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Deryabin D.G.,Orenburg State University | Karimov I.F.,Orenburg State University | Manukhov I.V.,State Institute of Genetics and Selection of Industrial Microorganisms | Tolmacheva N.A.,Orenburg State University | Balabanov V.P.,State Institute of Genetics and Selection of Industrial Microorganisms
Bulletin of Experimental Biology and Medicine | Year: 2012

Luminescence intensity of recombinant Escherichia coli and Bacillus subtilis strains with cloned luxCD(AB)E genes of the natural luminescent microorganism Photobacterium leiognathi was studied under the influence of 30 individual samples of human blood serum of different component composition. A relationship was found between the level of residual bioluminescence and degree of the bactericidal effect. Moreover, the inhibition of E. coli lux + luminescence was shown to be related to activity of the complement-lysozyme system. The reaction of B. subtilis lux + primarily depended on the presence of β-lysin in the blood serum. These data provide an experimental substantiation of a new method of differential analysis of humoral factors of nonspecific innate immunity with recombinant luminescent bacteria. © 2012 Springer Science+Business Media New York.


Zavilgelsky G.B.,State Institute of Genetics and Selection of Industrial Microorganisms | Kotova V.Y.,State Institute of Genetics and Selection of Industrial Microorganisms | Manukhov I.V.,State Institute of Genetics and Selection of Industrial Microorganisms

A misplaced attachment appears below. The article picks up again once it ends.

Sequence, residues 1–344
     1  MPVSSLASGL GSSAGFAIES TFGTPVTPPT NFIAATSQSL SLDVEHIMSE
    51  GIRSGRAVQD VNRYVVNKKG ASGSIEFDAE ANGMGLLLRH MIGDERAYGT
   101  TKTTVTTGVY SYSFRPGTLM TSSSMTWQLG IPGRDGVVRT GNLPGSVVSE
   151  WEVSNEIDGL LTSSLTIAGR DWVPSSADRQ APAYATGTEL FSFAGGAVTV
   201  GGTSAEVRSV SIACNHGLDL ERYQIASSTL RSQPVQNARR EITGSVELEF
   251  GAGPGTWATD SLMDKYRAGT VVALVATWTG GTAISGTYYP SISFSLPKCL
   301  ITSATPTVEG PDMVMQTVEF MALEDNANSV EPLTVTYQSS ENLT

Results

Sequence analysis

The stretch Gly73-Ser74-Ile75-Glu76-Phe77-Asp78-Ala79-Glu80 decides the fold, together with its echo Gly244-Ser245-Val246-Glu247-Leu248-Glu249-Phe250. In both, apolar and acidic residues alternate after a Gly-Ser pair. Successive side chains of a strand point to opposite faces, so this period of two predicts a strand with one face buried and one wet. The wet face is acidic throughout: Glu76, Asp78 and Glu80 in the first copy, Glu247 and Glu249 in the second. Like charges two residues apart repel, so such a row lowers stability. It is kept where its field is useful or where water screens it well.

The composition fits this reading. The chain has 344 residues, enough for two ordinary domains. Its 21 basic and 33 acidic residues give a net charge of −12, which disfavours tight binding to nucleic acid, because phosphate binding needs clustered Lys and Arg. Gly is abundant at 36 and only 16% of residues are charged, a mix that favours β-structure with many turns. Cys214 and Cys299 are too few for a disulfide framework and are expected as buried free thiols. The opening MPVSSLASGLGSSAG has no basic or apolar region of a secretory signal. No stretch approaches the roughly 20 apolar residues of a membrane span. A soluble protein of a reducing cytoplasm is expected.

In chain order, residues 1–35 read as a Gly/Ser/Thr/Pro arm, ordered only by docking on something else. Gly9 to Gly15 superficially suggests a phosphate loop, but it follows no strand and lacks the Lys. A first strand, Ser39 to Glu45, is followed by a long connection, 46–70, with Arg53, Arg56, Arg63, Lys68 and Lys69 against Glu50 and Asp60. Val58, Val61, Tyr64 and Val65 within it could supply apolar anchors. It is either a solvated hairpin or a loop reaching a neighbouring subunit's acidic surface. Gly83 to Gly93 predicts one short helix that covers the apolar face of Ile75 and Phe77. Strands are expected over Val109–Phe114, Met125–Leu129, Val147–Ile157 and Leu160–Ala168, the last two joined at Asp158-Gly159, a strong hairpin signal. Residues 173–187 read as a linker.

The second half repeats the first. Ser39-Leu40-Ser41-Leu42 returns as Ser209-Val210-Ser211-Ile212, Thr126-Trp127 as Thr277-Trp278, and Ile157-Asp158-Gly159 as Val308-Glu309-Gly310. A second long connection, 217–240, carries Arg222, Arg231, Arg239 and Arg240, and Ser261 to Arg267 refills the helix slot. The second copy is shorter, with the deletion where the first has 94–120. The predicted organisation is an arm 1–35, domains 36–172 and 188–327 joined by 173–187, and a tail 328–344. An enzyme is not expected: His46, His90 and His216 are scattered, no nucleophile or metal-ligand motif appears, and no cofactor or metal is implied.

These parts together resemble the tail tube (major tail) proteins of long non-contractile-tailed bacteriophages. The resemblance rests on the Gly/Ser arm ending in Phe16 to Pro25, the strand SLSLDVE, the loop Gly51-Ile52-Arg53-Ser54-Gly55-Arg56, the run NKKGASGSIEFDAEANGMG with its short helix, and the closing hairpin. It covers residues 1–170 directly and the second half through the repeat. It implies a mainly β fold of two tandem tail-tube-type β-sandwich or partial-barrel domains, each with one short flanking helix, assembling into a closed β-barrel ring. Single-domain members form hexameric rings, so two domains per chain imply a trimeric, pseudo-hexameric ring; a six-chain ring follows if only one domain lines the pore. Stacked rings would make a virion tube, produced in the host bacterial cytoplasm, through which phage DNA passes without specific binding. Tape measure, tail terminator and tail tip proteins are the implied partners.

Nanotechnologies in Russia | Year: 2011

To investigate the mechanism of the bactericidal effect of TiO2 nanoparticles, we used induced lux biosensors on the basis of the Escherichia coli MG1655 strain containing pColD-lux, pKatG-lux, and pSoxS-lux plasmids. It was shown that the UV-light (λ = 360-390 nm) treatment of a suspension of biosensor cells and TiO2 nanoparticles induces H2O2 formation in bacteria, which induces the expression of the luxCDABE reporter genes, leading to bioluminescence intensification. It is proposed to use the specifically induced lux biosensors for the detection of photoactive dioxide metal nanoparticles. © 2011 Pleiades Publishing, Ltd.


Zavilgelsky G.B.,State Institute of Genetics and Selection of Industrial Microorganisms | Kotova V.Y.,State Institute of Genetics and Selection of Industrial Microorganisms | Rastorguev S.M.,State Institute of Genetics and Selection of Industrial Microorganisms
Russian Journal of Genetics | Year: 2011

The ArdA and Ocr antirestriction proteins, whose genes are in transmissible plasmids (ardA) and bacteriophage genomes (0. 3 (ocr)), specifically inhibit type I restriction-modification enzymes. The Ocr protein (T7 bacteriophage) was shown to inhibit both restriction (endonuclease) and modification (methylase) activities of the EcoKI enzyme in a broad range of intracellular concentrations (starting from 10-20 molecules per cell). In contrast to Ocr, the ArdA protein (ColIb-P9 transmissible plasmid) inhibited both of the EcoKI activities only at high intracellular concentrations (30000-40000 molecules per cell). When the ArdA concentration was several fold lower, only endonuclease activity of EcoKI was inhibited. It was assumed that a poorer ArdA ability to inhibit EcoKI modification activity is related to the substantial difference in life cycle between transmissible plasmids (symbiosis with the bacterial cell) and bacteriophages (infection and lysis of bacteria). The Ocr and ArdA mutants that inhibited exclusively endonuclease activity of EcoKI were obtained. Antirestriction proteins incapable of homodimerization were assumed to inhibit only endonuclease activity of type I restriction-modification enzymes. © 2011 Pleiades Publishing, Ltd.

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